The Mid-South will continue to be a focal point of biofuel research following recent USDA grants to the LSU AgCenter and University of Tennessee. The $136 million in total grant funds was not unexpected as the Obama administration has made no secret of its desire to bolster rural economies through biofuel production.

For more on biofuels, see here.

Already carrying a solid track record in such research, the LSU AgCenter received a five-year grant of over $17 million. Its charge: pick up the pace in developing biofuels and chemicals from feedstocks of sugarcane and sweet sorghum.

LSU AgCenter professor Vadim Kochergin, a chemical engineer by training, will be the “principal investigator” for the project. Five years ago, Kochergin moved south following 15 years of work in Idaho’s sugar industry with the Amalgamated Sugar Company.

“Right now, I’m stationed at the Audubon Sugar Institute, part of the AgCenter,” Kochergin told Farm Press in early October. “We work with the local cane sugar industry. We’re actually doing a lot of work with all manner of sugar applications.”

Kochergin also spoke on what the research with entail, key challenges, and the need for farmers to have “honest” numbers. Among his comments:

On the differences between the LSU study and sugar-to-energy work done on Brazil…

“Brazil has different conditions. They grow cane 10 months of the year and have very high yields. It’s a different situation.

“Here, we’re trying to evaluate where our group can contribute. We feel there are some regionally important crops like energy cane and sweet sorghum. Those are important for the whole of the Southeast. We believe expanding their growing area beyond the traditional boundaries – especially into marginal lands, fallow lands – will allow us to gain more biomass that can be converted to different chemicals and fuels.

“That’s what we’re looking at.

“We also have partners around the country who are very good, with great technologies that allow the conversion of sugars into chemicals and fuels. Virent produces gasoline and diesel and Genencor is looking at making synthetic rubber from simple sugars.

“We’re trying to find an optimal way to grow feedstock and converting it. We may be a small group but we’re working hard.”

On farmers working with a viable, profitable biofuel industry…

“That lines up with part of the USDA grant we just received. We want to find an answer to that question.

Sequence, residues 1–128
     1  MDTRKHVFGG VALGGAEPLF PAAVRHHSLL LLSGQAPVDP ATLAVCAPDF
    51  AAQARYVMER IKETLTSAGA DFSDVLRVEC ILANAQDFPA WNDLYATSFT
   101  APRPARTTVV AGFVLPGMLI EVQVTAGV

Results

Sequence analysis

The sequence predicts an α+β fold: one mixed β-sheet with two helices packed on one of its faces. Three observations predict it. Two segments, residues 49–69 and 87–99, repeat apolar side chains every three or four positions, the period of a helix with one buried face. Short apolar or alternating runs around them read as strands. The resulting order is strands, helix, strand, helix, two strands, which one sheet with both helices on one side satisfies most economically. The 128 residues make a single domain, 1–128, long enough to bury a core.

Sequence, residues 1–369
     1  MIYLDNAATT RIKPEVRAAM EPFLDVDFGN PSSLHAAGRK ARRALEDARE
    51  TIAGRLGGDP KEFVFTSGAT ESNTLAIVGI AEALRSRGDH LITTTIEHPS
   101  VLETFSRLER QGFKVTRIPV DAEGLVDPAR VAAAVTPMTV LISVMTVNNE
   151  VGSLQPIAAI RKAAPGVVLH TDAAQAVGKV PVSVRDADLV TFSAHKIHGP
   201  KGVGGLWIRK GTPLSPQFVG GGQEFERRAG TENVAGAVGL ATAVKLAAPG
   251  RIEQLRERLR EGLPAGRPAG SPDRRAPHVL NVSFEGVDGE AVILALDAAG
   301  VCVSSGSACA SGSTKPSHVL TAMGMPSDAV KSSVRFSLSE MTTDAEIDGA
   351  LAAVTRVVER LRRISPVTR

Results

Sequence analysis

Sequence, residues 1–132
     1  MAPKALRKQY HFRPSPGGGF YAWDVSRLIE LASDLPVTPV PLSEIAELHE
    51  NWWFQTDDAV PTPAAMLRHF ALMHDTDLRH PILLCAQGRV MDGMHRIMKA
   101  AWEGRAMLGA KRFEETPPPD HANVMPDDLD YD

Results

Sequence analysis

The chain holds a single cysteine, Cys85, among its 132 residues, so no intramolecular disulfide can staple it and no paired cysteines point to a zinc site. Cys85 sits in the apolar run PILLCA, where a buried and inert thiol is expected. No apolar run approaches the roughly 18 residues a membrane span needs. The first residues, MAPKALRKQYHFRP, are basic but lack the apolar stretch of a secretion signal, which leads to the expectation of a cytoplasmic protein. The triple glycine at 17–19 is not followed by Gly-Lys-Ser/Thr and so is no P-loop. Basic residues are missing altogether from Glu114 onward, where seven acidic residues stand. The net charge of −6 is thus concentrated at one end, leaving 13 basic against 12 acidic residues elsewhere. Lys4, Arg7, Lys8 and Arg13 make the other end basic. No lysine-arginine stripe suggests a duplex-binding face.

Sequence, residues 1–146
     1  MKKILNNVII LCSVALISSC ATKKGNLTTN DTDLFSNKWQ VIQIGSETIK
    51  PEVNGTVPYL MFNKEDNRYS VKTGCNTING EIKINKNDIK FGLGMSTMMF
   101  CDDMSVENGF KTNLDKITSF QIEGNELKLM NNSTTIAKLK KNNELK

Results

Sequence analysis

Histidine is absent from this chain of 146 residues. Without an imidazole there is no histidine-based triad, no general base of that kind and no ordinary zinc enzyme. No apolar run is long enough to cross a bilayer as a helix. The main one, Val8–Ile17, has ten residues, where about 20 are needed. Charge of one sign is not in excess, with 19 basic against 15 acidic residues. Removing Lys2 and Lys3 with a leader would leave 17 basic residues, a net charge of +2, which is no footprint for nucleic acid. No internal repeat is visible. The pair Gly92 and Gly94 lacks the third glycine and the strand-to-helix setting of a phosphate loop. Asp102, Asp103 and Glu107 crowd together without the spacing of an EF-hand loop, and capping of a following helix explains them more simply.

“As for ethanol-from-cellulose, there are factories being built. However, in my opinion, much of that is still only marginally economical. If it becomes truly economical, it’ll be all over the place – and it isn’t yet.

“There’s still a way to go. I don’t agree with those who say biofuels will replace the oil-based fuels. Of course, the biofuel niche will expand and find the right fit.

“It’s evolution. How fast the biofuel industry evolves, is difficult to predict. When it isn’t economical in the initial stages, there’s a way to drop the price down. But it’s almost like a Catch-22 because you have to build larger plants to reduce the cost.  

“Another important thing is trying to diversify. Ethanol was at the forefront of the alternative fuels development. But there are different renewable fuels and we’re working with partners to develop gasoline from sugar, diesel from sugar, energy from fiber, all sorts of things.

“We need diversification. We must look at different crops, different materials and find working solutions to their conversion.  

“We also must develop feedstocks and find the best ways to process it. The process must be cheaper.”

On two types of sugar…

“Essentially, there are two types of sugar. First is the sugar you can squeeze out of cane or sorghum. That’s the cheapest sugar you can get. Then, you can convert the sugars – not necessarily table sugar, by the way -- to fuels and chemicals. That’s what’s known as ‘carbohydrates to hydrocarbons.’

“Also, the plants have a fibrous portion that is often burned in cane factories for power generation. Another approach is to break those fibers down to make simple sugars and produce cellulosic ethanol or some other material. That approach is more expensive because it must be further chemically or biologically converted.

“Also, you need to take a portion of the fiber and put it into energy or power generation.  

“For each application – say, sweet sorghum or energy cane to gasoline or isoprene (synthetic rubber) – there are different amounts of energy required. What we need to do is evaluate and generate those production scenarios while considering real-world economics. Then, present the findings to farmers.”